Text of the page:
Pekinese

The Pekinese is a distinguished looking dog due to its flat face and long, full coat.  A larger toy breed, these dogs reach 7 – 14 lbs, most of which dog owners would describe as fluff!  One reason that the Pekinese does so well in apartment living is that, due to its flat face and Brachycephalic nature, it cannot tolerate heat or exercise.  Therefore, the Pekinese is happiest when lounging on a comfortable cushion with a favorite human – just like its ancestors which were common among royalty in Imperial China.

Pomeranian

The Pomeranian is a true toy-sized dog, reaching only 3 – 7 lbs when fully grown.  Another “floofy” dog, the Pomeranian often appears to consist entirely of fur, meaning this breed also sheds heavily.  However, it is a highly adaptable dog and one that also does well in cold weather conditions, making it one toy-sized dog that does not require a sweater in the winter.  Pomeranians tend to be easy to train and have few exercise requirements, but do have the tendency to bark, like many small breeds. More about Pomeranian dogs.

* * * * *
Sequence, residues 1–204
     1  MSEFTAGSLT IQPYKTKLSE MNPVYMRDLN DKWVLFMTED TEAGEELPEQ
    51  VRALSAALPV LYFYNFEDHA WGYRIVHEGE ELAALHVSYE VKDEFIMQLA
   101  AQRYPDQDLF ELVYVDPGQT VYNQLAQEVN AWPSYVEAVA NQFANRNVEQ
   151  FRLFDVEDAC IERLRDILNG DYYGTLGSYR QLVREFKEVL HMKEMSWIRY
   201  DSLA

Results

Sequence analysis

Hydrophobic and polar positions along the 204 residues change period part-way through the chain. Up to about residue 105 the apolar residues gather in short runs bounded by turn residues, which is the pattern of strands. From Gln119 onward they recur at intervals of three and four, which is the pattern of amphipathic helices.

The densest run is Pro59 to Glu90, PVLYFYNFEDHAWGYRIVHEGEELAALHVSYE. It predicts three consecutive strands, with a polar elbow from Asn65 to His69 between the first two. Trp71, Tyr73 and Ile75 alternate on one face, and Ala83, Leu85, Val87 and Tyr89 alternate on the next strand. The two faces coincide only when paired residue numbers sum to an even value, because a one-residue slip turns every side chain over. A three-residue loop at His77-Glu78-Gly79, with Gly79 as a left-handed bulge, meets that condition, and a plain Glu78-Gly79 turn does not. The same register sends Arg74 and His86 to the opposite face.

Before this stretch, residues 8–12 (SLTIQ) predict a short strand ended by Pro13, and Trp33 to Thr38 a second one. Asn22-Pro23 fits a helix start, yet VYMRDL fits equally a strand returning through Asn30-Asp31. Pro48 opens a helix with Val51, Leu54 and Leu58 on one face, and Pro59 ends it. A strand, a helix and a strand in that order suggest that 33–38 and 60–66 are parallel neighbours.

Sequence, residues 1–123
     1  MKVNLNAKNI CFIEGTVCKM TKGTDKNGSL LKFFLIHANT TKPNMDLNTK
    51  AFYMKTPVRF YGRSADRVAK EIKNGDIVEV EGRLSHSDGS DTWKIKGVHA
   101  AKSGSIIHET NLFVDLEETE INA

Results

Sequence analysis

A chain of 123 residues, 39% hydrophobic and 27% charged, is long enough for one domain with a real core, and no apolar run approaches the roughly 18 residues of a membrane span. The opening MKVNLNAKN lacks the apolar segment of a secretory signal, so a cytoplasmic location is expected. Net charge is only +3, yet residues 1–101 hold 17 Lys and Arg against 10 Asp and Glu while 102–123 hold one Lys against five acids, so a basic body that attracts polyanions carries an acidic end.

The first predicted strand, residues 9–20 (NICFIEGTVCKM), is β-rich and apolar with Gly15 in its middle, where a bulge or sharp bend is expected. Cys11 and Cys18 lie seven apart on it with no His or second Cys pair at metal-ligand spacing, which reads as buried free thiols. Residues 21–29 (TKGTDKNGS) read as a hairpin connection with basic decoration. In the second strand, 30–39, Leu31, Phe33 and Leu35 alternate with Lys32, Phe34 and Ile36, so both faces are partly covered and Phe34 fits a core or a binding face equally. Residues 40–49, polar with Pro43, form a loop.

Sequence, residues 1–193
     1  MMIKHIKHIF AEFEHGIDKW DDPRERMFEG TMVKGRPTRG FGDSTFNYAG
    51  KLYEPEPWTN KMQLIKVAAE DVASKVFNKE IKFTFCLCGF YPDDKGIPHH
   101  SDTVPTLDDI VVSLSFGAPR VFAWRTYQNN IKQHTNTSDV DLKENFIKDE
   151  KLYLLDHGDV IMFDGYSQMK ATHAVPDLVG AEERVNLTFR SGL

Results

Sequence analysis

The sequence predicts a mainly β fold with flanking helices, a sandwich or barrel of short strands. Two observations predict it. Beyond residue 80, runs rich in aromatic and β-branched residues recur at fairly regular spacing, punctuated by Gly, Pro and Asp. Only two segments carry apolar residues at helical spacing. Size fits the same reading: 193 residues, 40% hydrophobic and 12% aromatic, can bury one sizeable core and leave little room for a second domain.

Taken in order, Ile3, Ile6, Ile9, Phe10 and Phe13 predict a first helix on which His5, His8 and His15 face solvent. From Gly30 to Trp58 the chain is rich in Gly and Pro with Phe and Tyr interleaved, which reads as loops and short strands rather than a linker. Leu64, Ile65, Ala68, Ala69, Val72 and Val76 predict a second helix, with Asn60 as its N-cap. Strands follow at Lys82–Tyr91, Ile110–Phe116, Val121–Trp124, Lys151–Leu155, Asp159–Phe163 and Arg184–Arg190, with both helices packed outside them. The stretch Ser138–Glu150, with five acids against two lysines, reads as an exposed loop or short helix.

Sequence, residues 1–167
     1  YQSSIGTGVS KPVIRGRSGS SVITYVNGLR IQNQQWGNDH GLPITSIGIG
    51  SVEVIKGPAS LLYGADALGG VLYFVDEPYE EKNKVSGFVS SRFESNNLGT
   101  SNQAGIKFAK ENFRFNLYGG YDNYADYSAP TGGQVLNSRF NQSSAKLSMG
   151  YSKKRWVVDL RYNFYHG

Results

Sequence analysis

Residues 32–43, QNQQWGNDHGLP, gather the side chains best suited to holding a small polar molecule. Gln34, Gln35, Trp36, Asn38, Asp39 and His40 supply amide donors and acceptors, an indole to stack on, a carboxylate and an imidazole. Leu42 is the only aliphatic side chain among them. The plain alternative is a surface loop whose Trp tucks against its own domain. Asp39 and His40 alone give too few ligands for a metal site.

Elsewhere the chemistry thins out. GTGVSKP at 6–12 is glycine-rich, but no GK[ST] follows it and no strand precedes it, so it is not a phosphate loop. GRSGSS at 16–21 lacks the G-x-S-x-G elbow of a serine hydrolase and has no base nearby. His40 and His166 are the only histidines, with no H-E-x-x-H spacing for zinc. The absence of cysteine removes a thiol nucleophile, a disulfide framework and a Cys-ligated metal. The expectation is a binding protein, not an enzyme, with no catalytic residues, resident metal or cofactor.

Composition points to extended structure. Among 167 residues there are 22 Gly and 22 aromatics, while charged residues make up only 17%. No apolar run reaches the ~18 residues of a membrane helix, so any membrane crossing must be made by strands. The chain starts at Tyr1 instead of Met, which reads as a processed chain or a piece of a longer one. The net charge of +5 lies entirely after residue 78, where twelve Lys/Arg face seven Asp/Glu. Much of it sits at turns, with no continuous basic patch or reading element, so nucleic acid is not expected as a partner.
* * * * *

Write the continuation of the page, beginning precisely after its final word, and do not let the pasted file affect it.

Toy Poodle

Toy Poodles are the smallest of the poodle breed, weighing only 6 – 9 lbs.  Despite their significantly smaller size, they retain many of the same characteristics of their larger relatives, such as impressive adaptability and extreme intelligence.  Since poodles have hair instead of fur, their shedding is kept to a minimum but frequent grooming appointments will be necessary.  Best of all, toy poodles are friendly, playful, and one small breed that is not prone to barking or howling.